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Greetings from Kent, the Garden of England, where I’m staying with my mother in Birchington-on-Sea.  Birchington (for short) incorporates a small inlet of the English Channel near the Thames Estuary called Epple Bay.  That is where I went today, to pass a breezy fall afternoon.

a2The ocean is strong here when the wind rises and the tide runs high.  Without the concrete fortifications, the chalk cliffs would long ago have been broken, taking valuable Birchington real estate with them.  Even with concrete barriers and the wide promenade, the waters sometimes rise up to batter the cliffs.  The recent very high tide with the super moon left sea weed markers and broken chalk in its wake.a3
The entire seabed in this area, and all the underlying ground in general, is chalk. The land has a layer of fertile humus over the chalk. Where the ocean roils, the water is a white hue from the dissolved mineral.a5
The chalk formed when all this land was under an ancient sea. Marine algae, when they died, drifted to the floor and their skeletons formed dense layers of white. Interspersed in the chalk are globular chunks of rock called flint, a type of chert.a8
It is believed flint forms as a breakdown product of chalk. Flint is popular in this part of England for use as building material. It is embedded in walls or roads and spread in driveways. The top of this wall is armored with a line of projecting flints.a10
Along the promenade at Birchington there are several deep cuts that allow access through the cliffs to the sea. One can get a good idea of the depth of the chalk and the fragile nature of the overlying thin layer of living soil.a6

Trees and plants that edge the cliffs are in constant danger of having their roots exposed by subsiding chalk.  This fine limestone is also very porous.  It does not retain water well. This is why Kent is often affected by drought before other parts of the country.a9

Westerly from Epple Bay, seven miles out in the ocean, is Thanet Wind Farm, one of the largest off-shore wind farms in the world.  Some of the windmills are just visible in this shot.  Over the years of visiting my mum I’ve watched this farm grow.  It must be very successful.  There is certainly a copious supply of wind in this part of the Channel to fill the needs of the farm.a4

The weather is holding decent, especially for England, not too rainy, some actual sunshine and temperatures in the 50sF.  I hope to make another trip to the sea before I leave and to post again about the interesting Kentish Coast.

Time to Abolish the Electoral College

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A nice, calming photo to help me reach tranquility.

The 2016 Presidential election results are nearly counted and the outcome appears to be that Clinton won the popular vote, yet Trump is President thanks to the Electoral College process.  While I was not enthralled by either candidate, I did decide to vote for the first female president and what I believed to be the sane candidate.  No matter which way the vote went, it feels intrinsically wrong that the winner of a simple majority of the popular vote does not become the chief executive.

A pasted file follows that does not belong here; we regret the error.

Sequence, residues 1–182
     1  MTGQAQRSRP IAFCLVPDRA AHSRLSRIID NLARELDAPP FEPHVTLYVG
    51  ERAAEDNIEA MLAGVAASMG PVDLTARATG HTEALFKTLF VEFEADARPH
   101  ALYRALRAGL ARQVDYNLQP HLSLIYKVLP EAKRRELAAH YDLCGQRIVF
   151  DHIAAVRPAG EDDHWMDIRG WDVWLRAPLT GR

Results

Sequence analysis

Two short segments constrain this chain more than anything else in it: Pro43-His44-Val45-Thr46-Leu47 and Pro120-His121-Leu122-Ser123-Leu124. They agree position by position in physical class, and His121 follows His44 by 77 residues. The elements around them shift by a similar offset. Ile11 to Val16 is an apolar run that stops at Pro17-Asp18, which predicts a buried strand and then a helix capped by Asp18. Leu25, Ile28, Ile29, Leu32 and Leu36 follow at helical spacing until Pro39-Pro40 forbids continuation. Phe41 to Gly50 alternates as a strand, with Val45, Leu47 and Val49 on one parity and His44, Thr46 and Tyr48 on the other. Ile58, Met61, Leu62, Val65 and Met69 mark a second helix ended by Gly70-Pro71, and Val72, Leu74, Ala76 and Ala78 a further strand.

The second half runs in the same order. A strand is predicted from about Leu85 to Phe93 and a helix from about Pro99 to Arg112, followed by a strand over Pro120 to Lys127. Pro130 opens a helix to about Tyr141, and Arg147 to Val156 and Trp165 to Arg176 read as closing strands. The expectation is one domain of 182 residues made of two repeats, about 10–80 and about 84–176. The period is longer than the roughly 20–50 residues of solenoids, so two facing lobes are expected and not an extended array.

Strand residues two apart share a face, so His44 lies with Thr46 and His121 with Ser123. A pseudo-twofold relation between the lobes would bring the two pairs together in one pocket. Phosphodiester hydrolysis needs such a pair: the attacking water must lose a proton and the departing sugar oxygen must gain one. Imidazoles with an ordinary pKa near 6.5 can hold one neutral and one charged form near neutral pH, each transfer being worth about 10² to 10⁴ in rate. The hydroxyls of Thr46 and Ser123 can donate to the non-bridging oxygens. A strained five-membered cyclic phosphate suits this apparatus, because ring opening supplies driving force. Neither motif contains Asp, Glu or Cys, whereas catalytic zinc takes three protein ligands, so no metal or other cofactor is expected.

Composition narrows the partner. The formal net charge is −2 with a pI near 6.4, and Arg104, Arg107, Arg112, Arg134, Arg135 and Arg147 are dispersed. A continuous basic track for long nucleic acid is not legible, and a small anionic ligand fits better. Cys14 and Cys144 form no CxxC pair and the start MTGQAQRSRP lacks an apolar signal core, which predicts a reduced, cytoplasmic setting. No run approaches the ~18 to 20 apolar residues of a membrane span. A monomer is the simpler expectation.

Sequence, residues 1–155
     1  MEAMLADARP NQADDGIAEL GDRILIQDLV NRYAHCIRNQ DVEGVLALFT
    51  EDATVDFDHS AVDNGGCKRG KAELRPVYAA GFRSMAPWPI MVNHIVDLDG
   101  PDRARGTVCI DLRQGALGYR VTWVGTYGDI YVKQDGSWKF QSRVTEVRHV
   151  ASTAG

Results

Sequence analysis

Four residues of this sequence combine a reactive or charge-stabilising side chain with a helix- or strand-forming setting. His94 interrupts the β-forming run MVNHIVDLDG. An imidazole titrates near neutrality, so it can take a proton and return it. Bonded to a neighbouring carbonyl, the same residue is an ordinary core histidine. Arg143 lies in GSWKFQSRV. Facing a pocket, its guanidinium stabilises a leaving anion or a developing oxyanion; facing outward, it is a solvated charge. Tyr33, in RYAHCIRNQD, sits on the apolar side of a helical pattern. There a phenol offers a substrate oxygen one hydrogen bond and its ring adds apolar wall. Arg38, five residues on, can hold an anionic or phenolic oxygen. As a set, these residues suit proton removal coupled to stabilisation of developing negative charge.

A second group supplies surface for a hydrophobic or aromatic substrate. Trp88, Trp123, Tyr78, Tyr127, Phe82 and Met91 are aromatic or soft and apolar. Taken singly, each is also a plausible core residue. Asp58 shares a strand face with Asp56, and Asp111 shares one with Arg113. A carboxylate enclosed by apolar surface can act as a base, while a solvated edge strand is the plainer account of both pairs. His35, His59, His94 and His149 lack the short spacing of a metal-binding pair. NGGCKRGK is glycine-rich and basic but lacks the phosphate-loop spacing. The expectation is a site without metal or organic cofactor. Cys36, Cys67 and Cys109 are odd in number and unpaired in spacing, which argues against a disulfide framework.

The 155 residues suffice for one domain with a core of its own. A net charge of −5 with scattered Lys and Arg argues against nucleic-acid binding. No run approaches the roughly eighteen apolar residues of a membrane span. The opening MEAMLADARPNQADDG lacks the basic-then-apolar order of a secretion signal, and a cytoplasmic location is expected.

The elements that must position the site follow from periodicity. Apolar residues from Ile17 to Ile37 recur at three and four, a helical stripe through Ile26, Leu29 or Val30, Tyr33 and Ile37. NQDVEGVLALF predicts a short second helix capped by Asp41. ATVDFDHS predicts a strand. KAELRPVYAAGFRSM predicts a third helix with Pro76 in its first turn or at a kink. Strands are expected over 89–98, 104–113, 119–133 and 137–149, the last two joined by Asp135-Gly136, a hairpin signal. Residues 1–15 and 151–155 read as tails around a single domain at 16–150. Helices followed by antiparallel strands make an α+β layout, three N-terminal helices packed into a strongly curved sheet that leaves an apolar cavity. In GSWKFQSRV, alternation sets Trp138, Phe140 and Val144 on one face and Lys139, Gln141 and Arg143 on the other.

If the final tally of this election holds Clinton as the winner of the popular vote, she will be the fifth person in our history to enjoy a majority of the voters’ approval yet not gain the highest elected office in the land.  The last time this occurred was in 2000 when Gore fell to Bush.  It was not right then and it is still not right today.

In a democracy, for better or for worse, the majority is supposed to rule.  To see the people’s chosen candidate thrown down inspires voter apathy, not to mention disgust.  The new President enters office with the knowledge he or she does not enjoy the support of a majority of the voters in the country.  I find it hard to consider such an official to be a legitimate representative of my country.  It is time for the Electoral College in the United States to go the way of other out-dated concepts removed by constitutional amendments.

Amending the Constitution is no small matter.  The process requires an act of Congress, no less, or two-thirds of the states may call for a convention to propose an amendment.  The amendment passes when the legislatures of three-fourths of the states in the nation vote to approve.  Such a task seems insurmountable, yet it has been accomplished numerous times.  The Congress actually proposed an amendment to do away with the Electoral College in 1969.  The proposal passed the House, but not the Senate.  It would have allowed direct election of the President and Vice-President with a run-off vote if no candidate received more than 40% of the vote.

The State of Maine, where I live, just approved on Nov. 8, citizen initiative legislation that creates a ranked voting system.  Because our last few gubernatorial elections have been split by three candidates, the resulting governor did not receive a simple majority approval.  Maine wants her top elected official, and federal congressional members, to derive authority via the support of a majority of her voters.  Each voter selects a first, second, third, etc, choice.  If there is no majority winner, the candidate who receives the least votes is eliminated and those votes go to the second choice on each voter’s ballot. The rounds of voting continue until a majority winner emerges.  In this manner, voters need attend only one election to select a clear winner in a close three-way race.

Ranked voting would also work for the Presidential race where there are three or more strong candidates.  This method is easier to understand and fairer than the rules and outcomes of the Electoral College.

Guess it’s time for me to start agitating my Congresspeople for an amendment.  If millions around the country did the same thing, we could have direct election of our President and Vice President.  Perhaps we would even feel our vote meant something since the person we elected would get to take office.